Therefore, I tell you, do not worry about your life, what you will eat or drink; or about your body, what you will wear. Is not life more than food, and the body more than clothes?… Can any one of you by worrying add a single hour to your life?… But seek first his kingdom and his righteousness, and all these things will be given to you as well. Therefore, do not worry about tomorrow, for tomorrow will worry about itself. Each day has enough trouble of its own. – Matthew 6:25, 27, 33-34
Just as God feeds the birds and clothes the flowers in beauty, God will take care of you. Instead of worrying, Jesus directs us to seek God’s kingdom and righteousness. Jesus asks us to act. He replaces one fruitless attitude, worry, with a fruitful action: seeking God. Instead of pacing the floors, we can perform the tasks God has given us to do today, whether our work takes place in an office building, our community, or our homes.
We can also ask God what He would like righteousness to look like in our day, like reaching out to a friend who has been struggling, taking a welcome gift of homemade pumpkin muffins to your new neighbors, or volunteering in the after-school reading enrichment program at a nearby under-resourced school.
Trying to serve someone else turns your attention outward, off your worries. Besides, as Jesus pointed out, worrying doesn’t add hours to your life; to the contrary, medical sciences have shown us the detrimental physical effects of too much stress on the body. Worrying can make your life shorter.
What does the Bible say about anxiety?
The Bible recognizes that we will feel fear and worry at times; it’s a fact of life on this planet populated by hurting people operating within broken systems. Things are not the way God originally intended them to be, simply because people choose to trust themselves instead of God’s good plans. People sinned and still sin and will sin, and sin makes a mess which causes us to worry.
Yet the Bible offers both comfort and action steps. Proverbs 12:25 speaks to our common experience: “Anxiety weighs down the heart, but a kind word cheers it up.” We’ve all felt that heavy-hearted sadness that comes with anxiety, and surely, we’ve all been encouraged by a kind word from someone who was able to cheer us up.
You can choose to surround yourself with good company, safe people who will listen, people who add sunshine to your life on your dark days. Likely you’ve also spoken a kind word of cheer, maybe even while you’ve been feeling down-hearted, and noticed how speaking kindness to someone else also made you feel better.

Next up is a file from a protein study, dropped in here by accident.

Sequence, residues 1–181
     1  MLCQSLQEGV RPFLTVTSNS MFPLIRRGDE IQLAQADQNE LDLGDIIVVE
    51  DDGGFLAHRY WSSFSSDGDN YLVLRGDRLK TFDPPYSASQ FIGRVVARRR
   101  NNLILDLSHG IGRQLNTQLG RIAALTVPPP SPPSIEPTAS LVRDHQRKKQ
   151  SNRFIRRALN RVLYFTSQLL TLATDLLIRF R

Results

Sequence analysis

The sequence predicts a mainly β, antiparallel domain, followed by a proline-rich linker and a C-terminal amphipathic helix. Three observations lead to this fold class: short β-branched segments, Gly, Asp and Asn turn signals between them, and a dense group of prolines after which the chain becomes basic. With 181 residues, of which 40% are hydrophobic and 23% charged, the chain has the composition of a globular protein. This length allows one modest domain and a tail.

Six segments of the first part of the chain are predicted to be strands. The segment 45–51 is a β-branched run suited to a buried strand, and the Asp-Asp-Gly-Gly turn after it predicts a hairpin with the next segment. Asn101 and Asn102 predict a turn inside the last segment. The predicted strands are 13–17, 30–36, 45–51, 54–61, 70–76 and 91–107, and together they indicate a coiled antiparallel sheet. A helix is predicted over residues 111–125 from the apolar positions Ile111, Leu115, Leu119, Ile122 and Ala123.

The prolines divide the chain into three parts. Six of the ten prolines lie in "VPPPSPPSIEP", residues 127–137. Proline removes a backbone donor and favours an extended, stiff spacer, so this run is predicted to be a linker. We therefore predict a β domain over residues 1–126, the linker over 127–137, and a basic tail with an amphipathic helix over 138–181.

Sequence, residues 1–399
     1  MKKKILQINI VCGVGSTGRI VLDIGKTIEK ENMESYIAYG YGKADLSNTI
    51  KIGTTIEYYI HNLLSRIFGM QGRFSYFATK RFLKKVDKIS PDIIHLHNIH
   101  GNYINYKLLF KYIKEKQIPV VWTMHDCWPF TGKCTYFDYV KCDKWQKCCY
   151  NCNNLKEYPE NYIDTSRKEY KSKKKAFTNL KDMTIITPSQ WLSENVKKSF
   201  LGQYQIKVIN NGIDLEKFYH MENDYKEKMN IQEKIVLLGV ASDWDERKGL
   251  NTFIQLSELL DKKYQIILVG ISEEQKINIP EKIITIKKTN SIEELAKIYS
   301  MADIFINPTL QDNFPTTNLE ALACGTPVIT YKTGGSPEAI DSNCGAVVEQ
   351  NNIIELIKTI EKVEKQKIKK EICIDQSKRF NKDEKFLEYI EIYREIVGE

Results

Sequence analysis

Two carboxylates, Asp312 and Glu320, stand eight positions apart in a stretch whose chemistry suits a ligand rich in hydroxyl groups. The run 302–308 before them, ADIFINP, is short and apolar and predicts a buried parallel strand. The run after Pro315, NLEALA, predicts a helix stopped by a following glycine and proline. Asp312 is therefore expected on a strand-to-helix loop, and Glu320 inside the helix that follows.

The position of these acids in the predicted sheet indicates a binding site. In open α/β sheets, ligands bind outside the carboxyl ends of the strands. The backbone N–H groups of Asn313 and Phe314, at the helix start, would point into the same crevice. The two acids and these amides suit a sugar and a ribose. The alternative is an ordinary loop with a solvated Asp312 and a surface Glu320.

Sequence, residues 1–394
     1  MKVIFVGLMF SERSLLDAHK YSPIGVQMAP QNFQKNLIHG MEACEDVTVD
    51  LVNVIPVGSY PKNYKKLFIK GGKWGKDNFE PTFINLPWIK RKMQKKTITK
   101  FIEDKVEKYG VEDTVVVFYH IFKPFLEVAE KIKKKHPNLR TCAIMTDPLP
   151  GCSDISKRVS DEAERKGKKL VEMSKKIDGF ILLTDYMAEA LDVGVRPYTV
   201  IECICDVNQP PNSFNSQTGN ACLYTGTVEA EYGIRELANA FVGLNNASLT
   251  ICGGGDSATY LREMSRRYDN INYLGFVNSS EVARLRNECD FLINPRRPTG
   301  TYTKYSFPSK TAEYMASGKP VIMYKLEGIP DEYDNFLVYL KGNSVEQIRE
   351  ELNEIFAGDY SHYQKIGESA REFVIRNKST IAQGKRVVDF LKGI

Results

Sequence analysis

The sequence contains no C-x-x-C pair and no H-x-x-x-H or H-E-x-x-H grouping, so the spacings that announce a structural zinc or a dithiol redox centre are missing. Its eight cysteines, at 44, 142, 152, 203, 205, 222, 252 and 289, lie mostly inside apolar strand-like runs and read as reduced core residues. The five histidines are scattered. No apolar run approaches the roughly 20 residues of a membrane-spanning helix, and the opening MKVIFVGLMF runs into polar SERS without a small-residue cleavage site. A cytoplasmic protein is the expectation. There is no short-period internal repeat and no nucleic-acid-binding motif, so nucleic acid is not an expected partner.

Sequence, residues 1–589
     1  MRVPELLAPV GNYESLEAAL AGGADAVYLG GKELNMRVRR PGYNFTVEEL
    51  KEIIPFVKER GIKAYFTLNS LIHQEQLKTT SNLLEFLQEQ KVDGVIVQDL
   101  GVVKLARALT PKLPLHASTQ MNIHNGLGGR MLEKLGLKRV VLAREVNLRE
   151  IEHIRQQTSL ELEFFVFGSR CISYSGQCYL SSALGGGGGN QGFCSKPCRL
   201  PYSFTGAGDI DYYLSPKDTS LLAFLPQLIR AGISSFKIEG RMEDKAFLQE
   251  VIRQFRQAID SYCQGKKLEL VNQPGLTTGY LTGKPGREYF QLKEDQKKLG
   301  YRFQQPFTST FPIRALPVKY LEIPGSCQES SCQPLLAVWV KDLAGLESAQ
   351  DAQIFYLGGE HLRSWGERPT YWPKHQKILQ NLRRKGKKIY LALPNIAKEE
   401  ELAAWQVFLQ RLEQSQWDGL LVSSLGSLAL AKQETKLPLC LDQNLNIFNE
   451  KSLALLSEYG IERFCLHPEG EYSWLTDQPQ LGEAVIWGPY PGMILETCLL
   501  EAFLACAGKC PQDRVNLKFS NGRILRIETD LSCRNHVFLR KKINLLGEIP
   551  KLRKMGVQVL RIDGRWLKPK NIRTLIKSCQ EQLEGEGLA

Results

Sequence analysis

The Psalmist shares his own experience: “When anxiety was great within me, your consolation brought me joy” (Psalm 94:19). Sometimes anxiety feels truly overwhelming, “great” in the Psalmist’s word, even though it feels terrible. God invites you to bring those heavy, negative emotions to Him and exchange them for the comfort of His love.Sometimes you may not even be aware of exactly what is causing you to feel anxious, and so you can follow the Psalmist’s example and ask: “Search me, God, and know my heart; test me and know my anxious thoughts. See if there is any offensive way in me, and lead me in the way everlasting” (Psalm 139:23-24).
God can help you understand exactly what is causing your anxiety; He can root out the offending thoughts and behaviors and lead you to greater joy as you walk with Him.
Prayer can often seem mysterious, yet prayer is simply engaging in conversation with God. You tell God whatever is on your heart and listen for what God wants to say in response. You listen for what God wants to say to you, often through the reading of His Word, and then you tell God what you’ve heard and how you might move forward to put God’s truth into practice.
The Apostle Paul offers hope:
Do not be anxious about anything, but in every situation, by prayer and petition, with thanksgiving, present your requests to God. And the peace of God, which transcends all understanding, will guard your hearts and your minds in Christ Jesus. – Philippians 4:6-7
In every situation, in any moment of any ordinary day, you can tell God about your anxiety, along with anything else you’re feeling. Remember to say thanks because God is always good even when your experience doesn’t feel good. And God will give you peace.
Peter sums it all up in one short sentence: “Cast all your anxiety on him because he cares for you” (1 Peter 5:7). God cares for you, and His love is the bottom line. He knows that sometimes your heart feels heavy, and He wants to carry the load for you.
Christian counseling for anxiety
If you’re looking for additional support for your anxiety, feel free to contact me or one of the other counselors in the online counselor directory. We would be happy to meet with you to discuss practical techniques for anxiety management from a Christian perspective.